Tax hikes on eco friendly cars
New tax rules due to come into force on 1 April will add more than £500 to the long-term running costs of Britain’s most popular and eco-friendly vehicles.
This is according to consumer motoring site HonestJohn.co.uk, which also says the new tax rules will benefit some of the most polluting cars.
For example, the UK’s best-selling car, the Ford Fiesta 1.0 EcoBoost 100PS, will cost £540 more to tax over four years, while buyers of the V8 Mustang stand to save £245 over the same period of time. This is despite the fact that the American muscle car emits three times more CO2 than the efficient Fiesta.
Until now, the government has offered zero VED to entice car buyers into eco-friendly vehicles; however, with 74% of new cars emitting less than 130g/km of CO2, the government has made a U-turn on its policy and introduced rules to force buyers of new, efficient cars to pay more.
Under the current tax rules, vehicles that emit sub-99g/km qualify for zero VED for the first year and pay nothing for every year after. However, from 1 April the government will replace the current 13-band tax system with three new bands, zero, standard, premium, plus a surcharge for electric cars with a list price above £40,000.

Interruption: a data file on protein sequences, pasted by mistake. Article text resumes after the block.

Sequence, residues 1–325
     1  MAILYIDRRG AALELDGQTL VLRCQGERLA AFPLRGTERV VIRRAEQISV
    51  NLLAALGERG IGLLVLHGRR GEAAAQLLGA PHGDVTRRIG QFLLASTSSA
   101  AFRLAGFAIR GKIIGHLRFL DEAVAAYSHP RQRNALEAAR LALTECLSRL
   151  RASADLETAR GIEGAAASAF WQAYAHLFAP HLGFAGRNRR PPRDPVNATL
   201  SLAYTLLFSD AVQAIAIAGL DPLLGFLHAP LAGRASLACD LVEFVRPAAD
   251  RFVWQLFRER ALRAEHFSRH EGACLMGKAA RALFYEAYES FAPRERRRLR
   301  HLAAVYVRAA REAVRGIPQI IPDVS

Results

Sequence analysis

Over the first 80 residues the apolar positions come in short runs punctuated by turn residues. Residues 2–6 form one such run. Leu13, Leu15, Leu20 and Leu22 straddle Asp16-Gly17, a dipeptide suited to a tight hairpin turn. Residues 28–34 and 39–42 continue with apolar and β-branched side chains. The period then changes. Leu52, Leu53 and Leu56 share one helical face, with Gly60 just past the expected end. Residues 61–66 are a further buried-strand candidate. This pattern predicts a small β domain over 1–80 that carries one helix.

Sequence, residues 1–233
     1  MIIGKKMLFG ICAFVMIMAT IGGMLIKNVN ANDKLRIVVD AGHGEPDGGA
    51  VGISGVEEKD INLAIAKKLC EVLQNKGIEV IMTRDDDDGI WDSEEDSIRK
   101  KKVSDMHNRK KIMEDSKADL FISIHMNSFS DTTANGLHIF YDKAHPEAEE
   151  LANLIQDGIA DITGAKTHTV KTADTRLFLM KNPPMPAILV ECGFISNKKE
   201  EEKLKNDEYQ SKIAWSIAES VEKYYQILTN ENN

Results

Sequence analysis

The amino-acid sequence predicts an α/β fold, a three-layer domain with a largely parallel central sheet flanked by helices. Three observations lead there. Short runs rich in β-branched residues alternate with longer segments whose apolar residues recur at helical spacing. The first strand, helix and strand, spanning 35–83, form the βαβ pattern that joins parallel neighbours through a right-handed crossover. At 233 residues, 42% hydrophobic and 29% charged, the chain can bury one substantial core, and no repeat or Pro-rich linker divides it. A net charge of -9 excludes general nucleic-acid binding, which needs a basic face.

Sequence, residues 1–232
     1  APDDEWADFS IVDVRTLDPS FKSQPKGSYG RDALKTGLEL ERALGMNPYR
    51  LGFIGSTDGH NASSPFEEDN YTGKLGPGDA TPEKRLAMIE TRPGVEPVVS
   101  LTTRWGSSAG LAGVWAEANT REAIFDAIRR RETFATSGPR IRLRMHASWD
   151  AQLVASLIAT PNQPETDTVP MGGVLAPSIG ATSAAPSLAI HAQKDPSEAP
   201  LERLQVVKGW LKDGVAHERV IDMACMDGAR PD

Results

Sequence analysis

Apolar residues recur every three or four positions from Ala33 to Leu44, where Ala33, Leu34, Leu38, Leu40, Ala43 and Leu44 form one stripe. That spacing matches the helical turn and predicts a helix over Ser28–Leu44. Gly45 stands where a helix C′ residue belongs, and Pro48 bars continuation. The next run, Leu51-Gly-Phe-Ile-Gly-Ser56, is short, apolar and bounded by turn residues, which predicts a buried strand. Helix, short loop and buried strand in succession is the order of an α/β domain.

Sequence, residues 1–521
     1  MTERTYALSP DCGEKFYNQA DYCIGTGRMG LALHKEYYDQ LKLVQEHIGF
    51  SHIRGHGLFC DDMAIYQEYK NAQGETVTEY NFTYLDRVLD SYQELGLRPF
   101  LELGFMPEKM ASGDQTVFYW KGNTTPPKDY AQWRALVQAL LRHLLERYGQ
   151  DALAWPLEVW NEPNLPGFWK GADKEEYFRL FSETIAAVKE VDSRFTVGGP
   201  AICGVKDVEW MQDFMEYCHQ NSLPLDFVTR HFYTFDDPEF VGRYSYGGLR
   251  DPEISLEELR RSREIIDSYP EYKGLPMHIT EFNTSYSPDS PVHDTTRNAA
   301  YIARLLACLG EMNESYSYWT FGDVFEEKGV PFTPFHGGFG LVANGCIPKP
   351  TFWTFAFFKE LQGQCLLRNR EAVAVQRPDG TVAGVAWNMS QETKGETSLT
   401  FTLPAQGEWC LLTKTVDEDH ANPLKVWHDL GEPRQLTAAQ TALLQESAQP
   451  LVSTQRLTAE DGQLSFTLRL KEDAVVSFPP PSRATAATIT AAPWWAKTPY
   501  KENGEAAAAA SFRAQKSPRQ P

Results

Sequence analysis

This means all new cars bought after 1 April with sub-99g/km CO2 emissions will pay for road tax. Even hybrids won’t escape, with buyers of the Toyota Prius paying an extra £405 over four years, while Tesla S buyers will have to pay an additional £930.
Honest John’s managing editor Daniel Powell said, ‘Many motorists are unaware of the changes that are coming for VED, but the fact of the matter is this – the system is changing, and low emissions cars won’t be as tax efficient as they were before. It’s a bit of a mixed message to increase tax on fuel efficient cars while reducing it on less eco-friendly models when the government is trying to increase the uptake of low and zero-emissions cars.’